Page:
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Every day, tens of thousands of parents across the nation struggle to make court-ordered payments for child support. In some cases, these payments seem unmanageable. Whether you owe a large debt, are struggling to meet the requirements of your obligation, or have been having trouble with your ex-spouse not paying their own court-ordered payments.
Paying child support is a court-ordered financial obligation. If you do not pay the required amount of money to your child’s custodial parent on time and in full, that parent can petition the court for a support payment order. The court will then be able to garnish your wages and take other collections steps as well. This court-ordered collection process can be very difficult and upsetting at times, especially if you are not used to making regular payments in a timely manner.
What is Child Support?
Child support is typically a court-ordered financial obligation. It is an amount of money that you must pay in order to financially support your child. Court orders are typically issued by family courts and state courts. If you have children, then you can be required to pay child support if required by the law. Child support typically begins when you divorce your spouse or if a child is born out of wedlock. Though the parents are no longer married, the financial obligation to provide for your children continues to exist until your children turn 18 years old. Child support can be ordered in any case where paternity has been established, and the court enters an appropriate order. Each state may require that you pay a different amount of money, but they all have their own set of guidelines that must be met within each specific state.
What Factors Are Considered When Granting Child Support?
In cases where a child support order is awarded, the amount of the court-ordered payment depends on many different factors. As with any case, it is important to review the specific facts of your case in order to determine what kind of support payment you must pay. However, the law generally provides certain requirements that must be met. Depending on the state in which you reside, support payments are typically calculated using the following factors:
- The number of children that you have with your child’s mother or parents
- Your income and ability to provide financial support for your child
- The amount of money you already pay for other children or dependents, as well as your actual living expenses and reasonable debts such as credit card payments and car loans.
A court can determine the specific amount you must pay for child support based on the above factors, as well as other considerations. You should review your situation carefully and talk to an experienced attorney who can help you understand your obligations, rights, and remedies available in your case.
How is Child Support Calculated?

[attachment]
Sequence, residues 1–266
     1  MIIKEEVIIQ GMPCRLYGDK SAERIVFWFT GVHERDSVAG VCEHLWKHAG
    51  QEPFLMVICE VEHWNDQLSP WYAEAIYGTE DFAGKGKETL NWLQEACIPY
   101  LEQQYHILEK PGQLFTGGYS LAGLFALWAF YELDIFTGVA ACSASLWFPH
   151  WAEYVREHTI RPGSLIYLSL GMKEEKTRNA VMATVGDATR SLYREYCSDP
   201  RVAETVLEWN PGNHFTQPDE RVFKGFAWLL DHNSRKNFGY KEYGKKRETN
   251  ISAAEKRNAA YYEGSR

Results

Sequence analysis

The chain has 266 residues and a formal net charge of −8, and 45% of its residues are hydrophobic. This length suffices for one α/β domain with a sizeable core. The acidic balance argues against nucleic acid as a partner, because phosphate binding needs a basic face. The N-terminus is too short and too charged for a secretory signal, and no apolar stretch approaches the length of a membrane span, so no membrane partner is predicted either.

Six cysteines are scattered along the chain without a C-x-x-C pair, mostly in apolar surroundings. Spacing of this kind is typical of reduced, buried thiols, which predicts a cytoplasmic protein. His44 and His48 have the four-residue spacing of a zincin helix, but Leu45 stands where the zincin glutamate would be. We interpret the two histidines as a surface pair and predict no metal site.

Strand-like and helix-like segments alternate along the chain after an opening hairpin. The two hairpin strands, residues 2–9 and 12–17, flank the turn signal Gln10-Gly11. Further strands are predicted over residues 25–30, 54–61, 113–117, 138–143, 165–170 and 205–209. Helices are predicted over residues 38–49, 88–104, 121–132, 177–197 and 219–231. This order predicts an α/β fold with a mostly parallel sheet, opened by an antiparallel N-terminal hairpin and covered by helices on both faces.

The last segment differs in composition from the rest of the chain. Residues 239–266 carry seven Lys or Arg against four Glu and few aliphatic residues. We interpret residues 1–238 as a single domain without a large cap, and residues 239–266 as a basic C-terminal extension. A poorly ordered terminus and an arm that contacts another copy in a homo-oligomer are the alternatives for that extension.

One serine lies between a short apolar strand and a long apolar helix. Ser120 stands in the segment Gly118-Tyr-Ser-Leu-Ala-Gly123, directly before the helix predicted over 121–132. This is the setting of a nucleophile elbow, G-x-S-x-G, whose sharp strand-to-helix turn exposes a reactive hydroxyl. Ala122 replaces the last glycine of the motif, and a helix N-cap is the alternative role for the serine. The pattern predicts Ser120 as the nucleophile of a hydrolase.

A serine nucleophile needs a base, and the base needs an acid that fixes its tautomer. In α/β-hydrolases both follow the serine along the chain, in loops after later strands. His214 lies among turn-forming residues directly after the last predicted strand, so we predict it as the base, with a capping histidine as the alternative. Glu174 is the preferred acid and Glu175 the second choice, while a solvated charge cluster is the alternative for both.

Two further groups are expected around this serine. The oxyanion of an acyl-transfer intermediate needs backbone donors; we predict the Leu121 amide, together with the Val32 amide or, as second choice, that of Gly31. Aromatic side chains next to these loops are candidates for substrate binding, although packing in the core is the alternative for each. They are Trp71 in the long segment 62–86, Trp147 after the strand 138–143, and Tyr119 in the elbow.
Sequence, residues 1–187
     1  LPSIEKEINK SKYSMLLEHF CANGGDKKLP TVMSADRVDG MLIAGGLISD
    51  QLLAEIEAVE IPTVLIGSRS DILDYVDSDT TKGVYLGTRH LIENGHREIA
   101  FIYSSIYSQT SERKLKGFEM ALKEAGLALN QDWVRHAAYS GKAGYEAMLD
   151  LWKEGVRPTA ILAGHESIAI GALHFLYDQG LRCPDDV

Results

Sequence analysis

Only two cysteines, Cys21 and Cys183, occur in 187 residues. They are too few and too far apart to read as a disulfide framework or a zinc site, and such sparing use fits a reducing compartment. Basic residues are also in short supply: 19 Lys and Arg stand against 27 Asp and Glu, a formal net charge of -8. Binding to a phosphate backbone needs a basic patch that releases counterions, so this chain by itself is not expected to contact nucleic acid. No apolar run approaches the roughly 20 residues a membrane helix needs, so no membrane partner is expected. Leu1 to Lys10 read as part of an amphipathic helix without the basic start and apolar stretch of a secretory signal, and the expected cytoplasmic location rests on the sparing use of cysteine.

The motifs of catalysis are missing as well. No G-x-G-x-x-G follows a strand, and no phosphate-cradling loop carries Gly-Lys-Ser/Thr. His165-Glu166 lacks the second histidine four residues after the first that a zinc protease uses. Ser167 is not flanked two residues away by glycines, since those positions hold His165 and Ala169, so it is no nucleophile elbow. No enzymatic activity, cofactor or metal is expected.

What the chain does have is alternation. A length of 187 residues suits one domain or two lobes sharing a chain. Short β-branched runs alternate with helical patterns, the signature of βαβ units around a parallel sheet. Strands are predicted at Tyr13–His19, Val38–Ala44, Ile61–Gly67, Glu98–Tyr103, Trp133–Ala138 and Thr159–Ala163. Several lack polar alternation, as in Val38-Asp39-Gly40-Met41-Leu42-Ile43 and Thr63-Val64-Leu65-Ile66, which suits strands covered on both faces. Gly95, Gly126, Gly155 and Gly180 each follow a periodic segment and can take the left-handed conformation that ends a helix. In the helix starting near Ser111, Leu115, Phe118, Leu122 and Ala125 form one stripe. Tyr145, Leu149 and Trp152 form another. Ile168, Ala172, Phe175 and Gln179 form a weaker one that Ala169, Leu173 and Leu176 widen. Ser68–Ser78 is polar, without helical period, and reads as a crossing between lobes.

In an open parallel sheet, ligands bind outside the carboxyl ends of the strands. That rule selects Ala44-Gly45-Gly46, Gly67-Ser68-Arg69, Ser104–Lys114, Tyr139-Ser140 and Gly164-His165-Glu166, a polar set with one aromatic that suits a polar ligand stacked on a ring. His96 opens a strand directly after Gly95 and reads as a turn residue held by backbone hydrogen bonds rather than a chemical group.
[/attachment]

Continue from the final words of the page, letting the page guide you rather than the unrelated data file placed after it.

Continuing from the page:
Child support can be based on a set amount of money each month, or it can be calculated by applying a percentage of your gross income. In some states, courts may attempt to calculate the minimum support payment that is deemed appropriate based on the above factors. In order to avoid paying too much in child support payments, you should review your financial obligations and the state laws regarding child support guidelines with an attorney who has experience handling such cases. If your circumstances change, you may be able to have the amount of child support reduced. In most states, this can occur by filing a motion with the court that issued the original order. If you can demonstrate circumstances that significantly changed from what was originally ordered, a judge will likely reduce your order.
When Can You Apply For a Child Support Modification?
In most states, child support is not automatically modified just because circumstances on the part of one parent change. This includes the custodial parent who has a new job that may require a significant pay increase, has gone through life-changing events such as a divorce or death of a spouse, or simply experiences financial difficulties with supporting their children. However, there may be situations in which you may be able to apply for a modification. While you should review your case with an experienced attorney who can help you build a strong defense, there may be circumstances in which you can apply to the court for modification of your child support order. In some cases, a child support modification may be appropriate if the amount of support ordered is too low or if it has not been paid for many years.
Child support is a monthly financial obligation that you may be required to pay as part of your divorce. If child support has been ordered, then you will be responsible for meeting the requirements of your order, such as making regular payments to your child’s mother or father. If you have issues with making these payments on time or at all, contact an experienced attorney helping clients with child support cases that can review your situation and help you explore all possible options.